Tag Archives: world building

Time Flies When You’re Having Fun!

That’s true in the Parallel Universe, too, where time expands and contracts for characters experiencing fictional life, as well as for their author (as narrator), and for readers (as observers). Writers who are pantsers don’t do much, if any, planning, plotting, or outlining when writing, but keeping an eye on the passage of time is important no matter how much or little of it elapses during the story.

For a historical novel set sometime on Earth, in addition to coordinating the plot with important dates, a writer may need to know the phases of the moon, and a calendar will be important for determining the impact of the weather on fictional events as well as the historical ones. Where in time do you need to go? 1066? 1776? 1871? 1914-1918? 1939-1945? A perpetual calendar is the place to start.

The website timeanddate.com offers one that can be customized and printed (PDF). Once you have the information provided by a perpetual calendar, it’s easy to construct your story’s fictional calendar, and then use it to verify continuity when you’re editing.

Time is important no matter what the genre, so if your story involves other-world-building, you’ll need to come up with a method of reckoning based on your planet’s periods of rotation and revolution. How much light, by how many suns, constitutes daytime? Is there more than one moon to illuminate the night? Do the inhabitants of your world use constellations to reckon longer periods of time? Do they use clocks and calendars driven by radioactive decay?

Yes, indeed, time flies, but you can put away your stopwatch, because unless you’re writing a story like The Poor Little Rich Girl (which, among other more ghastly things, explores bizarre alternative meanings for common idiomatic expressions), you probably don’t need it for racing insects.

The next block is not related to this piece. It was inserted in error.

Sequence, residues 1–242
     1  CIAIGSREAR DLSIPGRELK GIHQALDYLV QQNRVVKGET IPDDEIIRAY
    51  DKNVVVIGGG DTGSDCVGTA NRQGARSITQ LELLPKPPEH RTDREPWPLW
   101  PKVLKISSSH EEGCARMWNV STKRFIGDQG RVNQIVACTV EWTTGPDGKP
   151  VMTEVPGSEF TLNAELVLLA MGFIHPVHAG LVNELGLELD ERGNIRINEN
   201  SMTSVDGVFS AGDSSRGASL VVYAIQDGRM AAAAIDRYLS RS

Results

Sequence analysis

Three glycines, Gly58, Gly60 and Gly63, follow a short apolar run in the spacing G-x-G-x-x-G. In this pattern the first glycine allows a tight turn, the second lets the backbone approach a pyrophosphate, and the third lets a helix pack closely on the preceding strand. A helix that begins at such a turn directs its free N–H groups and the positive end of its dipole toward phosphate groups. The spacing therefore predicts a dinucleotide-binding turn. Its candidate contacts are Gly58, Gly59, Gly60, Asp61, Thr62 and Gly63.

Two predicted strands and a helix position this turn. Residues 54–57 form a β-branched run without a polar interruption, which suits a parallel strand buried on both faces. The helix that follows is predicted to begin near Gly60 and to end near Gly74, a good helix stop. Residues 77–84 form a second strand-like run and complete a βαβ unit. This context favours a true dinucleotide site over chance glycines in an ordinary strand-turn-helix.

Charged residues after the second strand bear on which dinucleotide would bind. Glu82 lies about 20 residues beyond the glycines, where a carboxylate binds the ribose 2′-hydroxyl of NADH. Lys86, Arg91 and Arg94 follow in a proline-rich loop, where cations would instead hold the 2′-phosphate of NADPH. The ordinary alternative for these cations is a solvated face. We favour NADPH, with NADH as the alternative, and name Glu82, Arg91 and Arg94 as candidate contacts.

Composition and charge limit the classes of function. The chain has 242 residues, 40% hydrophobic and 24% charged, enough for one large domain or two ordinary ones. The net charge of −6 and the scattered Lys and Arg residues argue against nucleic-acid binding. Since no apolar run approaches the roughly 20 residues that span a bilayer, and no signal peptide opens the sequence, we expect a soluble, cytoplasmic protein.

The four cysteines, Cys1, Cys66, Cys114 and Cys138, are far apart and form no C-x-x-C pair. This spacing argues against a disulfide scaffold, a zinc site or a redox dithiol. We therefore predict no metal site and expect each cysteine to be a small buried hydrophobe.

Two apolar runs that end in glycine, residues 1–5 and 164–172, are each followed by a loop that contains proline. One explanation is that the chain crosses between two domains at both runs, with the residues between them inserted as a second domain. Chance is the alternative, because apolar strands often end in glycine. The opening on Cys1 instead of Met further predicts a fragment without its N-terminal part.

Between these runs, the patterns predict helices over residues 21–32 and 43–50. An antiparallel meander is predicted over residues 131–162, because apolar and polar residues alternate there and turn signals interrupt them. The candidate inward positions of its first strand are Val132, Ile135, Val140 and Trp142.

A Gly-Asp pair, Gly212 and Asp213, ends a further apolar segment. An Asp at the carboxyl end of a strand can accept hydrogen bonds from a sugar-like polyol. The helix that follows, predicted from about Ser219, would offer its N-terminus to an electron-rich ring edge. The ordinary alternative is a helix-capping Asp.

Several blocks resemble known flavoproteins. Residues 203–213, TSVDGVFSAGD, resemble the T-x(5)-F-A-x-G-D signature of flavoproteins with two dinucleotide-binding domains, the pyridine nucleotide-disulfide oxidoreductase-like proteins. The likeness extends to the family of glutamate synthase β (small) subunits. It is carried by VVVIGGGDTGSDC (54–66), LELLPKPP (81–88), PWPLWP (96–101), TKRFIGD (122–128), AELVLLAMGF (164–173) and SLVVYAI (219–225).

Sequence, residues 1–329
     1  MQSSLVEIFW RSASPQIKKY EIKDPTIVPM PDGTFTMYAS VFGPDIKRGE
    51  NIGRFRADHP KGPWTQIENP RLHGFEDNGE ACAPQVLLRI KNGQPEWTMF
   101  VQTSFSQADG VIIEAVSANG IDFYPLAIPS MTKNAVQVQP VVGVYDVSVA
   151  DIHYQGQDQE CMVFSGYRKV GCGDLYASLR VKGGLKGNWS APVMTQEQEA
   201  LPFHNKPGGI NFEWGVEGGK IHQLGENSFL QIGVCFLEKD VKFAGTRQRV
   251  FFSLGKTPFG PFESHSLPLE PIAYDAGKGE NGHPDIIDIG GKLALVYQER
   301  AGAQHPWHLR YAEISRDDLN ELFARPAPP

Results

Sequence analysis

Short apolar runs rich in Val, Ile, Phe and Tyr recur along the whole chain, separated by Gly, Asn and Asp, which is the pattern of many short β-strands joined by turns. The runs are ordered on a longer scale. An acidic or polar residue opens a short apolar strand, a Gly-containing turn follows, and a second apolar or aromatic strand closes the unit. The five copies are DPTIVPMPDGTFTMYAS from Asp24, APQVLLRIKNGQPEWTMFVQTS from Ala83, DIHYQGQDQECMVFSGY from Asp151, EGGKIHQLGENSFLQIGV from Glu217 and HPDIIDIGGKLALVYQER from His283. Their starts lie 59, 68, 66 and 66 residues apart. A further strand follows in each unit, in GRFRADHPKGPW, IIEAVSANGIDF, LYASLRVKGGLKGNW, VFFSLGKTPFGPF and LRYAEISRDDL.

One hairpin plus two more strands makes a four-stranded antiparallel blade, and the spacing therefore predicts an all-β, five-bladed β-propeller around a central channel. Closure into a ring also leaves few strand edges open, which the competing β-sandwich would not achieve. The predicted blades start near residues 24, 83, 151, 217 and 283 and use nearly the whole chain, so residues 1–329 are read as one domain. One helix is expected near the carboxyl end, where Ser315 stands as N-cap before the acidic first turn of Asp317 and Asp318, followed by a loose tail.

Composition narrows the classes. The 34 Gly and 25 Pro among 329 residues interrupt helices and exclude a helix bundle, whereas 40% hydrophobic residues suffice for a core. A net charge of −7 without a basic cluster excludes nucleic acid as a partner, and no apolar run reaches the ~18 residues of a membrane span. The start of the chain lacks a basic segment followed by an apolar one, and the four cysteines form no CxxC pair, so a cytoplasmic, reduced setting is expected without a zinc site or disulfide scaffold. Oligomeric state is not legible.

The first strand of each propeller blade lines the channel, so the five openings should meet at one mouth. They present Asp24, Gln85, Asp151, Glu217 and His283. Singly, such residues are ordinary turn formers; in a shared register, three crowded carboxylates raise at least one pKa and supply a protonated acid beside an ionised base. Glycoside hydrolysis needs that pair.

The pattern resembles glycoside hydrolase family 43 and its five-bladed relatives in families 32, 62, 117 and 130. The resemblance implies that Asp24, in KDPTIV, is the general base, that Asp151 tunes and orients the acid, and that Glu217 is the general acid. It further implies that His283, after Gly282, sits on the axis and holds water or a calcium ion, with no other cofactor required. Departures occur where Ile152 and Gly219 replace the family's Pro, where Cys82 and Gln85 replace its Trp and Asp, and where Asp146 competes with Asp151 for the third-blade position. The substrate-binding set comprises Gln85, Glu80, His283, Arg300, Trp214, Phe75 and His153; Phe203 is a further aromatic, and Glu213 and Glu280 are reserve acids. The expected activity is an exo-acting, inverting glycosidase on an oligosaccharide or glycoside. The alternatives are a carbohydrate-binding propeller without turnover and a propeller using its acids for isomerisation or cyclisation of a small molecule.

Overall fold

Advertisements

3 Comments

Filed under Uncategorized

Just the Facts, Ma’am: Research for Writing.

IRISH FIREBRANDS: A Novel ~ and Other Works by Christine Plouvier, Indie Author

Thorough research is the 4th of The 7 Reasonable Rules of Writing. Details will differ, according to exactly what our Muse has tasked us with writing: be it historical fiction, fictionalized history, literary fiction, contemporary life, or even fantasy world-building, which must achieve consistency and continuity between its wholly imaginary historical and contemporary aspects. But in general, this is the kind of research that writers should expect to conduct:

mooreVerify vocabulary. Outside of misspellings (including homophones and apostrophe errors), there’s nothing quite so jarring to a reader who’s in the know, than encountering anachronistic or culturally uncharacteristic bits of verbiage. Pay attention to the etymology your dictionary provides, and in particular, the dates. (My 1941 Webster’s Collegiate Dictionary also supplies a helpful “new word” list.)dictionary & phrasebook

Sometimes readers quibble over local semantics. Writers who are accustomed to the U. S. cultural and linguistic melting-pot should know that there’s no…

View original post 1,170 more words

Leave a comment

Filed under Uncategorized